`creating.Rmd`

library(distplyr) #> #> Attaching package: 'distplyr' #> The following object is masked from 'package:stats': #> #> sd library(magrittr) library(tibble)

You’re able to make a wide range of probability distributions using distplyr’s manipulation functions, but you’ll need to start with more standard, basic distributions first. There are typically three use cases for building a basic distribution:

- Parametric families
- Empirical distributions
- Manually specified distributions

These include distributions like Normal, Exponential, Poisson, etc.

distplyr includes distributions present in base R’s `r*`

/`p*`

/`d*`

/`q*`

selection of distributions. For example, a Normal distribution in base R has associated functions `rnorm()`

etc. In distplyr:

dst_norm(0, 1) #> Gaussian Distribution #> #> Parameters: #> # A tibble: 3 x 2 #> parameter value #> <chr> <dbl> #> 1 mean 0 #> 2 variance 1 #> 3 sd 1 #> #> Number of Discontinuities: 0

distplyr also includes other common distributions not present in base R, such as a generalized Pareto distribution:

dst_gpd(0, 1, 1) #> Generalized Pareto Distribution #> #> Parameters: #> # A tibble: 3 x 2 #> parameter value #> <chr> <dbl> #> 1 location 0 #> 2 scale 1 #> 3 shape 1 #> #> Number of Discontinuities: 0

**November 2020**: Until this package gains some stability in its structure, there will be a limited number of these distributions – but there will be plenty available in the not-too-distant future.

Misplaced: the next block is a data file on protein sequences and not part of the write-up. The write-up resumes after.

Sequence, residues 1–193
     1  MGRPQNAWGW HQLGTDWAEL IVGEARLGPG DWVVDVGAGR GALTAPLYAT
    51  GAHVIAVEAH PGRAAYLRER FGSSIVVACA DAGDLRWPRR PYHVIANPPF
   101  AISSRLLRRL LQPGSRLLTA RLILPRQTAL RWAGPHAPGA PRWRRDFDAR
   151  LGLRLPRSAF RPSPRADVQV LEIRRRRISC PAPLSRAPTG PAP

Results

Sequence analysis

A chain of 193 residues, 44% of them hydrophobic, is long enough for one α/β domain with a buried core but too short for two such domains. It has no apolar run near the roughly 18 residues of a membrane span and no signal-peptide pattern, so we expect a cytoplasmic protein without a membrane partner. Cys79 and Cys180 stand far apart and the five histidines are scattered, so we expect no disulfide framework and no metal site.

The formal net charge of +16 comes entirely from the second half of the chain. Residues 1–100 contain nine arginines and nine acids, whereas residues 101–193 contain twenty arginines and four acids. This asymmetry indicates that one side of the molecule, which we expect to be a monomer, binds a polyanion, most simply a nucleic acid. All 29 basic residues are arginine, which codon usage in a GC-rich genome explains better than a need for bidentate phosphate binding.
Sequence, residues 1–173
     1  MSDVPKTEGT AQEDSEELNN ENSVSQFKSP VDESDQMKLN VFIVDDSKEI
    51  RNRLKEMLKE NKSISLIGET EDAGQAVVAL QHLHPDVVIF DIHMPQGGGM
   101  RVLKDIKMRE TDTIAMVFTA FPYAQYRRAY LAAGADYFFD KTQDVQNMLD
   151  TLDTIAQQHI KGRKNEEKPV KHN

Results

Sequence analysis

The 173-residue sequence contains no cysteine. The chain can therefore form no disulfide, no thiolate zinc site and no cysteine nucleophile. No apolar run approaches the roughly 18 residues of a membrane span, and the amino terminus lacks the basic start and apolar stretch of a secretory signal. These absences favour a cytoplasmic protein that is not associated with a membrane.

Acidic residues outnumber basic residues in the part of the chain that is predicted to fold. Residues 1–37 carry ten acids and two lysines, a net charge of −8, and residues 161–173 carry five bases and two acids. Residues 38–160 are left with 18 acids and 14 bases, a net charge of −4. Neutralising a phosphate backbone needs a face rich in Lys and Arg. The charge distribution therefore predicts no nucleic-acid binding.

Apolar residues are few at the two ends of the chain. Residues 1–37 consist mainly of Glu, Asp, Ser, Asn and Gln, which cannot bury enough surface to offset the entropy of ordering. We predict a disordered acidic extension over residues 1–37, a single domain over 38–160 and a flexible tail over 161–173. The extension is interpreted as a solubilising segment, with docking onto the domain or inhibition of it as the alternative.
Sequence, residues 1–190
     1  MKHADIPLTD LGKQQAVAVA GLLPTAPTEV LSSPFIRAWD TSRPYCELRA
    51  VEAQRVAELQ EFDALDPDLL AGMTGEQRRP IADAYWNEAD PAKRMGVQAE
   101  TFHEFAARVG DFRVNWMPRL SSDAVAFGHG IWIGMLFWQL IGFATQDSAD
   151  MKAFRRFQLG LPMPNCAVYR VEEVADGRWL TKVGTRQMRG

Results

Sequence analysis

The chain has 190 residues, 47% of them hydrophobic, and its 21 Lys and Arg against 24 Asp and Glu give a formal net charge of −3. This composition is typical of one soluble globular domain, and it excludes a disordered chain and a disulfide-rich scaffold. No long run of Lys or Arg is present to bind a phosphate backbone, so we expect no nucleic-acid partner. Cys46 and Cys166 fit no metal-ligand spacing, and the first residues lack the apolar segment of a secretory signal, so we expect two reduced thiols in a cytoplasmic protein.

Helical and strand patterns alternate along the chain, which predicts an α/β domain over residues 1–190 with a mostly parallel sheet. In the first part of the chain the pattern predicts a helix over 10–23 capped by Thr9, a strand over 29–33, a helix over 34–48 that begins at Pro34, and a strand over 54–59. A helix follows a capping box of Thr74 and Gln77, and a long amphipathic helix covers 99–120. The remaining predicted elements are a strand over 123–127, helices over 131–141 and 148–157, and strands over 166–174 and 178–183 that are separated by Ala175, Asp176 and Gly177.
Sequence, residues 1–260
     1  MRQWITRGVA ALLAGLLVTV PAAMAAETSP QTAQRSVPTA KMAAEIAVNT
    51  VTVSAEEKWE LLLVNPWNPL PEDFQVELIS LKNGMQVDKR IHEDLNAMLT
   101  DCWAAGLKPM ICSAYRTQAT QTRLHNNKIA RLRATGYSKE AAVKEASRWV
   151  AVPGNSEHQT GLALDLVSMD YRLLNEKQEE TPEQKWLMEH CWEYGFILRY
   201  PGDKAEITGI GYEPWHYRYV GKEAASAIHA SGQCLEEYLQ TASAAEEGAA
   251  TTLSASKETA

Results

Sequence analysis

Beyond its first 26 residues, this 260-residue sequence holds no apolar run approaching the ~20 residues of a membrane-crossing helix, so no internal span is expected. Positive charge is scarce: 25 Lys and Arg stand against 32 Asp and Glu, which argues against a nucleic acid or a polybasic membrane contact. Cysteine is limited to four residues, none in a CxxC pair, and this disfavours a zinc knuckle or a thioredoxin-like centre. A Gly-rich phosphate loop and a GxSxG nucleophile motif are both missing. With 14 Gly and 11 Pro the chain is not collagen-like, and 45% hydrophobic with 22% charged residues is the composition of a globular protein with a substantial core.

Whereas base R only has the `ecdf()`

function to handle empirical distributions, distplyr provides full functionality with `stepdst()`

(soon to be called something like `dst_emp()`

). Empirical distribution of `hp`

values in the `mtcars`

dataset:

(hp <- stepdst(hp, data = mtcars)) #> Step Distribution #> #> Number of Discontinuities: 22

The “step” in the name comes from the cdf:

plot(hp, "cdf", n = 501)

You can also weigh the outcomes differently. This is useful for explicitly specifying a probability mass function, as well as for other applications such as using kernel smoothing to find a conditional distribution. Here is an estimate of the conditional distribution of `hp`

given `disp = 150`

, with cdf depicted as the dashed line compared o the marginal with the solid line:

K <- function(x) dnorm(x, sd = 25) hp2 <- stepdst(hp, data = mtcars, weights = K(disp - 150)) plot(hp, "cdf", n = 1001) plot(hp2, "cdf", n = 1001, lty = 2, add = TRUE)

The weighting provides us with a far more informative prediction of `hp`

when `disp = 150`

compared to the loess, which just gives us the mean:

mean(hp2) #> [1] 109.961

With a distribution, you can get much more, such as this 90% prediction interval:

eval_quantile(hp2, at = c(0.05, 0.95)) #> [1] 62 175

Here’s the proportion of variance that’s reduced compared to the marginal:

It’s common to specify a distribution by explicitly specifying a representation, like a density, cdf, etc.

To do this, start with an empty distribution by calling `distribution()`

, and then `set_`

the representation of interest. Here’s the random variable with cdf given by the `sqrt()`

function:

(manual <- distribution() %>% set_cdf(sqrt)) #> Distribution #> #> Parameters: #> # A tibble: 0 x 0 #> #> Number of Discontinuities: plot(manual, "cdf", from = 0, to = 1)

Down the road, you’ll also be able to use purrr-style functions:

```
distribution() %>%
set_cdf(~ sqrt(.x))
```